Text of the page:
Here's a Moonwalk Gray electric MINI that doesn't sport the yellow side mirrors or the two yellow stripes on the "grille" seen in all of MINI's press photos. This car also isn't wearing the yellow-edged asymmetrical rims seen in those press photos (and on the orange MINI below). That yellow paint on the rims is just begging to be transferred to the nearest concrete curb. I pasted an image of this gray car's symmetrical wheel up in the corner.

    I found this electric Moonwalk Gray MINI in a YouTube video showing it traveling down the production line in Oxford, UK. Earlier, Domenick extracted an image of the underside showing the T-shaped battery configuration from the same video. Even though this British-bound right-hand drive edition will be called the "MINI Electric," it still says "Cooper S" on the hatch, just like the "MINI Cooper SE" coming to North America.

    [​IMG]

    Midnight Black and Solaris Orange electric MINIs have also shown up on the web, but the final color palette has yet to be disclosed. The orange one must be an pre-production prototype because it has older headlights, yellow side scuttles, and it's missing the fake hood scoop. I like the black one a lot--especially if it can be ordered without a hood scoop (you knew I'd get that in).

    [​IMG]

    [​IMG]
     
  7. interestedinEV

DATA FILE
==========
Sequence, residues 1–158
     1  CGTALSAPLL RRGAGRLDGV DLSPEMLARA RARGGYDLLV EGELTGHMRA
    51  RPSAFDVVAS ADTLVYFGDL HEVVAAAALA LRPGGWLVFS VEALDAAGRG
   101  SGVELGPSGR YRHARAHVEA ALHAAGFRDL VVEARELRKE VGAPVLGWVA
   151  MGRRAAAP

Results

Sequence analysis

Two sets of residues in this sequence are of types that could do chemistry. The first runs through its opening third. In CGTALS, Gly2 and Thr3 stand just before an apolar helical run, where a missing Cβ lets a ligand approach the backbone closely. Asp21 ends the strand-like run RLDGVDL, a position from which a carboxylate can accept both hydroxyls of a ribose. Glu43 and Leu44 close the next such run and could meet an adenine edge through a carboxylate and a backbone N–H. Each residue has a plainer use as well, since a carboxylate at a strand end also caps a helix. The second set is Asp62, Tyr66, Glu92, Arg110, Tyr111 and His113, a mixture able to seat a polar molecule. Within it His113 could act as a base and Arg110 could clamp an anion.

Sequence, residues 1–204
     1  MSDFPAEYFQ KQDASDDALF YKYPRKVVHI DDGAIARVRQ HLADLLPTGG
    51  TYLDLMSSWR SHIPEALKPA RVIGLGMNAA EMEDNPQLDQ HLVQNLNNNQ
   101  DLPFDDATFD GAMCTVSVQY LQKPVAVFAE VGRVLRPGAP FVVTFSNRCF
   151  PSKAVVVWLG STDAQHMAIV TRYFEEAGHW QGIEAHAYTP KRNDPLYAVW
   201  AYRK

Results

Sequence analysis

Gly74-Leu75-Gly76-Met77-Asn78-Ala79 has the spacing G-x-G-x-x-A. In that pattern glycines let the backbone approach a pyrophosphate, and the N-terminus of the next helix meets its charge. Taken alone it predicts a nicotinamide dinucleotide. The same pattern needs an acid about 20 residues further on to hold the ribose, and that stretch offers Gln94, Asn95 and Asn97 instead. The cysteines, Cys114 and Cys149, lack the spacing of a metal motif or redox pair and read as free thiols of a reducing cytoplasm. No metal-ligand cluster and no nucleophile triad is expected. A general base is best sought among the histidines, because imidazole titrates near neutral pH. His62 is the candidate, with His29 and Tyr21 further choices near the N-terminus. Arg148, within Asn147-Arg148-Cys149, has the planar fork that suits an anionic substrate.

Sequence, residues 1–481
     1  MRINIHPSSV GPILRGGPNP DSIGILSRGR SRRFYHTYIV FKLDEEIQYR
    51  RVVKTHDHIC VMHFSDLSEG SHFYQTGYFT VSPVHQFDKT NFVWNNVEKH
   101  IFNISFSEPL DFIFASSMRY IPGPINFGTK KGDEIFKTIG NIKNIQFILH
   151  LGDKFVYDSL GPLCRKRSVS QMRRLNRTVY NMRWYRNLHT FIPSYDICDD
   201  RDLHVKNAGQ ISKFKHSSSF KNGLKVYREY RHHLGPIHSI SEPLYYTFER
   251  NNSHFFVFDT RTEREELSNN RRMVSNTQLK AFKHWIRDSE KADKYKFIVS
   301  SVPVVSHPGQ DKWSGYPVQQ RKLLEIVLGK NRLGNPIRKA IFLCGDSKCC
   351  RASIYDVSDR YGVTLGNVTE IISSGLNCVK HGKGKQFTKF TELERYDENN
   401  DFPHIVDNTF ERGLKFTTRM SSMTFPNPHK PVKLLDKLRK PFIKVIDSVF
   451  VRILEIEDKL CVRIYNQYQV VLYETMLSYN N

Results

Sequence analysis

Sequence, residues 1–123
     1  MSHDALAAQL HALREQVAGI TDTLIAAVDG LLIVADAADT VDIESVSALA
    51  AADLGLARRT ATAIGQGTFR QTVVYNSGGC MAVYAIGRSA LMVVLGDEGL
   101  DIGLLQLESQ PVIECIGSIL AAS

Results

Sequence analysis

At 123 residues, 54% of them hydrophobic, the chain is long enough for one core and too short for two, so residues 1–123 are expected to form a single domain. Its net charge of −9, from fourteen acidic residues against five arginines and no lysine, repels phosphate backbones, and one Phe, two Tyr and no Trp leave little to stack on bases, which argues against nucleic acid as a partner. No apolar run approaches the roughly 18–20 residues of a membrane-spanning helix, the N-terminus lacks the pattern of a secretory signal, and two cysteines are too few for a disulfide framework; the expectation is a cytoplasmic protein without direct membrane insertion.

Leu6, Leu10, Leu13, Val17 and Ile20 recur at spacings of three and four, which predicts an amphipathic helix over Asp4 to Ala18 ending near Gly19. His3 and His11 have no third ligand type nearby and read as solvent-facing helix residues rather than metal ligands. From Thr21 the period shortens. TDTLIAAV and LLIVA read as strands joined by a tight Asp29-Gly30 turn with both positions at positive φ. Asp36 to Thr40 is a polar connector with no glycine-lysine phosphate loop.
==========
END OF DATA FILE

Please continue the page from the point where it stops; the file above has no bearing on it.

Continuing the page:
interestedinEV Active Member

    My wife has only driven Minis for the last 12 years and we bought one recently. Would have loved to have bought this but it was not available and range may is little low.
     
  8. insightman

    insightman Well-Known Member

    At the Frankfurt auto show this week, MINI is showing a new color (Lapisluxury Blue?) and different (17" MINI 502 Roulette Spoke) wheels on one of the two MINI Cooper SE cars they brought. Of course, the other one was painted in the usual white they've been showing since July 9th. Note that this blue SE has the toned-down appearance package for the Cooper SE; it doesn't include the Energetic Yellow accent stripes on the grille filler or the Energetic Yellow side mirrors.

    upload_2019-9-11_16-52-13.png

    Supposedly, there is a yet-to-be-seen 16" wheel unique to the Cooper SE that will look different from the optional Energetic Yellow-accented, unique-to-Cooper-SE 17" asymmetrical Corona wheel always seen on the white Cooper SEs.
     
    Last edited: Sep 11, 2019
    Texas22Step likes this.
  9. insightman

    insightman Well-Known Member

    Journalists writing about the MINI Cooper SE frequently mention the car's low-mounted, "T-shaped battery" that occupies the space between the front seats and the space under the rear seats. Despite hundreds of photos of this car--many from this week's auto show in Frankfurt, Germany--I couldn't find one that showed if tunnel enclosing the "T-shaped battery" extends all the way to the rear seats. None of the video or still photographers bothered to venture into the boring area behind the front seats.